- The coronavirus pandemic has been upending the advertising business, along with other swaths of the economy.
- Here is a breakdown of its impact on advertising, from layoffs and furloughs to events cancellations to campaign overhauls.
- Visit Business Insider’s homepage for more stories.
The advertising business has been upended by the coronavirus, along with other sectors of the global economy. Advertisers have hit the breaks in spending as sales plummet, audiences for live sports have fallen, and media companies and advertising and PR agencies lay off staff.
JPMorgan Chase analysts have said the largest and most heavily leveraged companies, like WPP and Publicis, and those most exposed in Asia, like Dentsu, are most at risk from advertisers cutting spending, while IPG could fare better because of its data and healthcare business.
The cancellation of live sports and events has been a headache for TV networks and media companies like The Atlantic and The Athletic, leading some to lay off staff while others have shifted to virtual events.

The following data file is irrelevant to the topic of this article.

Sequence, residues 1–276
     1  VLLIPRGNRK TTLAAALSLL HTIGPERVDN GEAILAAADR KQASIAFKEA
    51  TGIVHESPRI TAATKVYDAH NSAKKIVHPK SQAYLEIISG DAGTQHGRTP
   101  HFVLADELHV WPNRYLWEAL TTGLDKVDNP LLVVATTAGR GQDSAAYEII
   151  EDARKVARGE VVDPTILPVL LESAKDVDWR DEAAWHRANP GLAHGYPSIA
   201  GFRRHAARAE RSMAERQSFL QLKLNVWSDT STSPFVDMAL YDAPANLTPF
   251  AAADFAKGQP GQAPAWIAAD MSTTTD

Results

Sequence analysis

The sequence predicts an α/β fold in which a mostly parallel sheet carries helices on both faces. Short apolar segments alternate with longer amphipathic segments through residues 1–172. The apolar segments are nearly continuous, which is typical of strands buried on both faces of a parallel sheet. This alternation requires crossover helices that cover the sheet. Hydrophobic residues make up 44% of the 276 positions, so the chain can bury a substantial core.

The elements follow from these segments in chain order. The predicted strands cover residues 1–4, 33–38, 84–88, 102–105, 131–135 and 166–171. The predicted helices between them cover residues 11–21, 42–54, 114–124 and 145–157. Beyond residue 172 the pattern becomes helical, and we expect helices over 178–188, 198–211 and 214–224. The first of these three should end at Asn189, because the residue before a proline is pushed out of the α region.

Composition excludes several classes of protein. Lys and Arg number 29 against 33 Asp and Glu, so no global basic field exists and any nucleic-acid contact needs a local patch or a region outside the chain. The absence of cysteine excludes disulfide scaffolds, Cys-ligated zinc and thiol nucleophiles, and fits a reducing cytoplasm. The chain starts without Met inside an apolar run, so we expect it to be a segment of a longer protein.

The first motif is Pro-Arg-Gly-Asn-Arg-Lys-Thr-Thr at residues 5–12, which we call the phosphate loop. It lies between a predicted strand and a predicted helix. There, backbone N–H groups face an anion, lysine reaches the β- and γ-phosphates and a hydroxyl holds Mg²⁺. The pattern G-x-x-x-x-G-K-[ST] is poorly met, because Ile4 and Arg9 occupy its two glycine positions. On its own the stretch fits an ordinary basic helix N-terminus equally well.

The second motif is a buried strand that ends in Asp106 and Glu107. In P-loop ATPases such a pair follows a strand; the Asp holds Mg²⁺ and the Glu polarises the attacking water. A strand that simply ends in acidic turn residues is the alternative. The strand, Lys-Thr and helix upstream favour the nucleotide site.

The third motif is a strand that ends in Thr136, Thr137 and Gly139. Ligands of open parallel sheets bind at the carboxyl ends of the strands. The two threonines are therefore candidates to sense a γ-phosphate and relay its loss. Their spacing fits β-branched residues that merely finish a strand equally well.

Marketers have adjusted their messaging to make sure it’s right for the moment:
Looking ahead, the coronavirus is expected to have a lasting impact on the advertising industry.
Read about the virus’ long-term impact here:
- Ad insiders say retailers like Walmart, CVS, and Instacart are starting to chip away at Amazon’s advertising stronghold in the pandemic
- The CEOs of WPP, Publicis, Edelman and more explain how the pandemic will change advertising, from shrinking office space to improving creative output
- ‘It will fundamentally reshape the advertising industry’: Ad insiders from Burger King, Freshly, McCann, and Vita Coco say the coronavirus will radically change the business
- CEOs of PR firms like Edelman and BCW reveal why they’re focused on winning business from advertising and consulting companies coming out of the pandemic
- 16 media buyers identified the media companies that are poised to gain and lose the most as the pandemic upends advertising spending
- Facebook and Google might get walloped by the thousands of small businesses impacted by the coronavirus, but their massive ad businesses will come out stronger in the end
- In leaked memos, Sir Martin Sorrell frames the pandemic as an opportunity to acquire ‘distressed’ ad agencies and reveals that his firm S4 Capital has applied for government subsidies